Health and home improvement sectors set for 2012 surge: Report

Gyms and hardware retailers are among the businesses tipped to cash in on consumers’ good intentions in 2012, according to IBISWorld, with a big focus on health and home improvement.

 

According to IBISWorld general manager Karen Dobie, Australians are a “predictable bunch” when it comes to New Year resolutions, which is good news for certain sectors.

 

Our desire to lose weight and get fit is stronger than ever, with IBISWorld revealing Australia’s weight loss industry is forecast to grow by 2.3% to $792 million in 2012.

 

“Late January and February is the busiest time of the year for gyms, fitness centres and personal trainers, as tens of thousands of Aussies commit to building a fitter, faster, stronger and trimmer self,” Dobie says.

 

According to IBISWorld, the fitness industry is expected to grow by 2.7% to reach $2.9 billion in 2012.

 

“Activities outside of traditional gyms, such as boot camps, yoga, Pilates and martial arts classes, will continue to gain popularity, with Australians expected to spend about $190 million on these activities alone,” Dobie says.

 

In our quest to live a healthier lifestyle, the health food sector will also enjoy stronger sales in 2012, with revenue for organic farming tipped to increase by 10.8% to reach $541 million.

 

“Sales growth of organic produce has been strong for Coles and Woolworths, which are both offering an increasing range of organic produce,” Dobie says.

 

According to IBISWorld, one of the most common goals among Australians in 2011 was to increase savings and cut back debt, and 2012 is expected to be no different.

 

IBISWorld is forecasting the savings ratio will average about 11% of personal income over the coming year. While this is bad news for retailers, financial planners are expected to benefit.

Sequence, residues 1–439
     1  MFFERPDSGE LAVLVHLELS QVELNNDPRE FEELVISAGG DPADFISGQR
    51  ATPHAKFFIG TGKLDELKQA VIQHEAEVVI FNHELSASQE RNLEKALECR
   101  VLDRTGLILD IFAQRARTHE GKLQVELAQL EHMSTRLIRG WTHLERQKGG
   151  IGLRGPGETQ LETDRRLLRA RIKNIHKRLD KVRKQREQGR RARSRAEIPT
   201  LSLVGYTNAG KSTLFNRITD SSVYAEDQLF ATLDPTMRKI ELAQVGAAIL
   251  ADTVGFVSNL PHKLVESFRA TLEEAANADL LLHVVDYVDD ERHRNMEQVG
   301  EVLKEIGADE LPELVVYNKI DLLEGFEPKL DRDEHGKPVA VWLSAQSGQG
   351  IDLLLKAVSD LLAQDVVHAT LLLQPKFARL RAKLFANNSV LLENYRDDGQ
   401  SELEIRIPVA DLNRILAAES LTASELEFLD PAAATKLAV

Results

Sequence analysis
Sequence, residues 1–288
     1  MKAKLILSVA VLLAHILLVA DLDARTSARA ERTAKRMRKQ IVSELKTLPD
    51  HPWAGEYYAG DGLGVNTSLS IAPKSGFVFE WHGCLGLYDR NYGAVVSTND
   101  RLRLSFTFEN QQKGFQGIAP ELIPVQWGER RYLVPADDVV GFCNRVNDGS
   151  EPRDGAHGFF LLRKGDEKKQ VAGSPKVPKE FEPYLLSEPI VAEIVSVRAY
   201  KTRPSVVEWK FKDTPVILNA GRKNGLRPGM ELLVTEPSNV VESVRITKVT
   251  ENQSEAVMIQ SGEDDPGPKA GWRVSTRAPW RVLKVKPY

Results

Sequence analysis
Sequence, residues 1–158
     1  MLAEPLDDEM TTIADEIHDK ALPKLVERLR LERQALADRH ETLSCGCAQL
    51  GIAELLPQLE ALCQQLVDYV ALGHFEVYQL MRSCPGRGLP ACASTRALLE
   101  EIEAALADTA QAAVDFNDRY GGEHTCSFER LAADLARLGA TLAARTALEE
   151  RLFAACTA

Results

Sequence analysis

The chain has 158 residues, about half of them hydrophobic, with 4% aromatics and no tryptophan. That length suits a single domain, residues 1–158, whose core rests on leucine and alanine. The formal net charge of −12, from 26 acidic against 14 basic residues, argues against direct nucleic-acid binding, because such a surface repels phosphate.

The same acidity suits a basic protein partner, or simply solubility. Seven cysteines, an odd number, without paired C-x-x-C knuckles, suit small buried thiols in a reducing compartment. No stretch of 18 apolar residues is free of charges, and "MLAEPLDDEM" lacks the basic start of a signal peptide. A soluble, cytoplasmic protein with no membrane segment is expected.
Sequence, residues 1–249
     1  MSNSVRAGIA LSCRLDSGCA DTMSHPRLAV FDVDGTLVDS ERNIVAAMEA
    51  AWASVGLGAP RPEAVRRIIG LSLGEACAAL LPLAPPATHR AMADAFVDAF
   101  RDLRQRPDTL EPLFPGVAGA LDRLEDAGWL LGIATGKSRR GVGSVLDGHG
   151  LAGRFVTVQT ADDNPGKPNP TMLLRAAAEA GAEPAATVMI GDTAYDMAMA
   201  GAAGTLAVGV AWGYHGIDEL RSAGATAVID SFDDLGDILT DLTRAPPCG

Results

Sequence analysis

Meanwhile, almost two million Australians plan to enrol in a course in 2012, with those aged 25-64 accounting for more than half of the total enrolment numbers.

 

“More and more Australian adults are heading back to school for work, leisure or personal interest,” Dobie says.

 

“[In 2012], $6.4 billion is expected to be spent on learning languages, business coaching, professional development, attending theological classes and even learning how to drive.”

 

While self-improvement dominates consumers’ intentions for 2012, home improvement is also on the agenda, with a focus on reinvesting and self-renovating amidst a flat property market.

 

Australians are expected to spend $1 billion on DIY projects in January alone.

 

“Traditionally, December and January are the busiest months of the year for hardware stores and nurseries,” Dobie says.

 

However, not all industries will benefit from consumers’ good intentions in 2012. Many Australians plan to cut back on alcohol, making it harder for liquor and hospitality businesses.

 

Also, a desire to see the world – while taking advantage of the strong Australian dollar – will see more than 500,000 Australians travel overseas every month, namely to Asia and America.

 

While this is good news for international airline operators, it is bad news for Australian tourism operators, with revenue from Australian holidaymakers tipped to grow by just 0.4% in 2012.

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